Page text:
The Fair Trading Act was developed with the Commerce Act to encourage competition and protect the public from misleading and deceptive conduct and unfair trading practices. The Act applies to all aspects of the promotion of goods and services – from advertising and price to sales techniques and finance agreements. The Act prohibits:
- Misleading or deceptive conduct generally.
- False or misleading representations about employment and goods and services generally.
- False claims about the price, standard, quality, history or origin of particular goods and services.
- False claims about particular uses or benefits or particular endorsements or approvals.
- Unfair trading practices.
The Act also provides for consumer information and safety standards.
The Consumer Guarantees Act 1993
The Consumer Guarantees Act makes traders responsible for guaranteeing the quality of the goods and services they provide. The Act describes certain standards and obligations manufacturers and retailers must meet to protect customers against poor quality. It also covers such issues as prices, parts and representations.
Business and Consumer Complaints
Suspected instances of anti-competitive business practices, or unfair or misleading trading practices, can be reported to the Commerce Commission Contact Centre. The Centre provides advice and investigates if necessary. A range of handy booklets on business and consumer topics is also available. There is no charge for these services.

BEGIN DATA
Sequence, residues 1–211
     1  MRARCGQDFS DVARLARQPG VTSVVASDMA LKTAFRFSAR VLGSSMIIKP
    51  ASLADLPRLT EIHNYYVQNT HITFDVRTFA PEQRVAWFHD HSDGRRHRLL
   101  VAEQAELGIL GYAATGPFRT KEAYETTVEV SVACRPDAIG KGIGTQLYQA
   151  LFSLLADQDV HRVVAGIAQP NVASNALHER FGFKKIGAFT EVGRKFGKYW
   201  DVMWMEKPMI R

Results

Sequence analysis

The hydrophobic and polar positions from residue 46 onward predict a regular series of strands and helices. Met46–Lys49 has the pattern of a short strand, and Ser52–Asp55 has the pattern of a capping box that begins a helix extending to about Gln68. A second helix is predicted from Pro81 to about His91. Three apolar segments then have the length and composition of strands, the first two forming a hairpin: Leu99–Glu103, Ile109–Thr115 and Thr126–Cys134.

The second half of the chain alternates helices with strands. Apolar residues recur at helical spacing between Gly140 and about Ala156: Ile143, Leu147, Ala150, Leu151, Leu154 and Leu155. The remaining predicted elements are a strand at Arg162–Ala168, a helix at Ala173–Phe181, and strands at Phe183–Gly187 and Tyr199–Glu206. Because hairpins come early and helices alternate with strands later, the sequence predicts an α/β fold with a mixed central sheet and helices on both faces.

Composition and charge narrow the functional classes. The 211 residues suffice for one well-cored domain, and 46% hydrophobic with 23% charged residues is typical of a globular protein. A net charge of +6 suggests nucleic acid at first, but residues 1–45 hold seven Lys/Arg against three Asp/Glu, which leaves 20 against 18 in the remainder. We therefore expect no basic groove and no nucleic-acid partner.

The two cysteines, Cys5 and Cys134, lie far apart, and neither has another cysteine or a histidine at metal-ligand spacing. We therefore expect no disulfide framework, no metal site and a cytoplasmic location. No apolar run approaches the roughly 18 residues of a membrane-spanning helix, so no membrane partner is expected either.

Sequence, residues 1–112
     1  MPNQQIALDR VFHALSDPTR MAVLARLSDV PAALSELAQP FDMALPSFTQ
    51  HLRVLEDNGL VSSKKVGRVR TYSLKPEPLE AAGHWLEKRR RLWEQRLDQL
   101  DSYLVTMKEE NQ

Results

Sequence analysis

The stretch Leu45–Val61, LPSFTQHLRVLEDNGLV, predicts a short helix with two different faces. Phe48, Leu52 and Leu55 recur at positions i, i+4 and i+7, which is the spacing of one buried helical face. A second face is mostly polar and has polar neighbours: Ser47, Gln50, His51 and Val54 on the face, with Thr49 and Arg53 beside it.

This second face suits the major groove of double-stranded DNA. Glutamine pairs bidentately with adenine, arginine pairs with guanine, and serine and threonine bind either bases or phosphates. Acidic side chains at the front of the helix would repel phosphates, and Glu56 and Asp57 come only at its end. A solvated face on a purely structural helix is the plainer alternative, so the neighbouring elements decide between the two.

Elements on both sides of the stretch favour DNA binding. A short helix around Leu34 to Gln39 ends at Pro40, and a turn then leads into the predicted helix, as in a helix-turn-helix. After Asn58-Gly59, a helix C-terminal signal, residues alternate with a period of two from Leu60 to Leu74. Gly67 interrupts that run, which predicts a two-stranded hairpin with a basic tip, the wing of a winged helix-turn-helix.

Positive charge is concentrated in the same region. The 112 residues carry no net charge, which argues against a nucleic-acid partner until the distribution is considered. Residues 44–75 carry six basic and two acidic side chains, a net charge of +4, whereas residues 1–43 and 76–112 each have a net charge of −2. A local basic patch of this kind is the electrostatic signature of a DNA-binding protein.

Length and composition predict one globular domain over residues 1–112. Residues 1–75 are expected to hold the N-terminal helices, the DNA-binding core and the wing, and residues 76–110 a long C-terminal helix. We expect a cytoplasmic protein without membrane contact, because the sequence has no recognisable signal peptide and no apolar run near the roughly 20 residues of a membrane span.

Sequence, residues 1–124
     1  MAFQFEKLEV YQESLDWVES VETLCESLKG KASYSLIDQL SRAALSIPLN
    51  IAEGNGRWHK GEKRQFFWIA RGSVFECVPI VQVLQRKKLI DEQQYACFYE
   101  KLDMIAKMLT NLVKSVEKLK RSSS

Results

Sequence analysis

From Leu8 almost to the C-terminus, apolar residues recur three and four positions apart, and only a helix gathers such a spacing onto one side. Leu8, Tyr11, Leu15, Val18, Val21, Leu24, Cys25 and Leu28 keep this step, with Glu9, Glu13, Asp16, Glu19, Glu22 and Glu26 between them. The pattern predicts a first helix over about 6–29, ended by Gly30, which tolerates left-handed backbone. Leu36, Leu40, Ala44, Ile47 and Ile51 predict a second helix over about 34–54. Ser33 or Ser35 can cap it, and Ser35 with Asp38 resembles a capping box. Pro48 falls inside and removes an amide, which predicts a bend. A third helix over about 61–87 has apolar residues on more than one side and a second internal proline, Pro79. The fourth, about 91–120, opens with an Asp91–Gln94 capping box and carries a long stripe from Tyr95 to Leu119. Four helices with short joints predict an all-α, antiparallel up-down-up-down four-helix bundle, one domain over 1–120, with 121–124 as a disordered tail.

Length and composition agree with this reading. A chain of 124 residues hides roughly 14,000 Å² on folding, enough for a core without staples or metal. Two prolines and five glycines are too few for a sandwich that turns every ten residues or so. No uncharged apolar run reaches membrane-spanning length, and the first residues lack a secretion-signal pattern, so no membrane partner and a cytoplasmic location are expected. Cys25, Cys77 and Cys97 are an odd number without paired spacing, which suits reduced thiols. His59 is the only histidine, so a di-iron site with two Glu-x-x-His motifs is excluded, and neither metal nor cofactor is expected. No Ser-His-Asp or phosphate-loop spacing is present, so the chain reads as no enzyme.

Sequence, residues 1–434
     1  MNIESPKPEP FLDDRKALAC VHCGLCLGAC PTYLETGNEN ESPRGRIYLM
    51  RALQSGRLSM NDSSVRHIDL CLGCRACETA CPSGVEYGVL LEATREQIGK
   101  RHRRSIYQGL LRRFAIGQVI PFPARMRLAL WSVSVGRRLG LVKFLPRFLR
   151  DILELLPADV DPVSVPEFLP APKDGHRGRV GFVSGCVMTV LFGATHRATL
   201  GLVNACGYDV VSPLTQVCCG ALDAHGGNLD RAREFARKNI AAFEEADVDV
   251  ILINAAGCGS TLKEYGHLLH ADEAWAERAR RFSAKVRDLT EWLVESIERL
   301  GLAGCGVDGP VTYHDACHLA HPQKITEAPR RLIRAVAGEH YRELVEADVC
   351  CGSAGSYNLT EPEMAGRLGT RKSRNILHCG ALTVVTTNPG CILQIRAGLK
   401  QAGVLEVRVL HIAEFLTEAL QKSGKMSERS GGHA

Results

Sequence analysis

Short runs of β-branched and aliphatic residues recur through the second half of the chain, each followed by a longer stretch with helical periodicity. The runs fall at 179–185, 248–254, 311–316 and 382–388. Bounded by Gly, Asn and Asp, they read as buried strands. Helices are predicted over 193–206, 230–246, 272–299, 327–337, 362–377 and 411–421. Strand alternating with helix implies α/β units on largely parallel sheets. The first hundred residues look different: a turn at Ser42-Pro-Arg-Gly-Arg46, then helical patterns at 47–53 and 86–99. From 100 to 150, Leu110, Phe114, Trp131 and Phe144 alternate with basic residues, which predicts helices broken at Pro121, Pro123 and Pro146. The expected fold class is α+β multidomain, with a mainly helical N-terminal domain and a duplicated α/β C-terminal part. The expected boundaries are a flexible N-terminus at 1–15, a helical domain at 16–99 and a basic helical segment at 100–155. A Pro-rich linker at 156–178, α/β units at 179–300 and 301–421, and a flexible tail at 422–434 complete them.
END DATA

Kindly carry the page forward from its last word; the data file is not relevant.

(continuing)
An independent body established under the Securities Act 1978, the Commission promotes more efficient and cost-effective management and regulatory practices within the capital investment market. The Securities Commission also regulates how securities are offered for public subscription. It has extensive powers to investigate cases of insider trading and can recommend the reform of existing securities laws and practices.
The Health and Safety in Employment Act 1992
This legislation aims to prevent harm to employees while they are at work. It requires employers to ensure that employees work in a safe and healthy environment.
Employment Relations Service
Run by the Department of Labour, the Employment Relations Service provides up-to-date information on all aspects of employer/employee responsibilities under the Employment Relations Act 2000.
The service provides comprehensive information about all aspects of employer/employee relationships. It provides a handy series of booklets in English and other languages, dealing with the concept of good faith relationships and explaining how the various provisions of the Employment Relations Act 2000 influence employer/employee responsibilities. If problems arise in an employment relationship, employers can get help from the Employment Relations Infoline.
The Employment Relations Act
The Employment Relations Act 2000 recognizes that good employment relationships are built on good faith behavior. It promotes collective bargaining through unions, but also protects the rights of individuals who choose not to join a union and who wish to negotiate their own individual Employment Agreement.
If your business activity either uses or affects a natural resource, you may need to apply for resource consent from your local authority.
Application forms are available from your local council and you will need to provide an assessment of the effects your business activity will have on the local environment. Land use consents are dealt with by city and district councils and consents for the use of air, water or coastal areas are managed by regional councils.
The Resource Management Act 1991
Provides for the sustainable management of New Zealand’s natural resources and establishes compliance standards for both private and business activities.
Reviews / Comments for Starting a Business in NZ
No reviews have been written write a review now.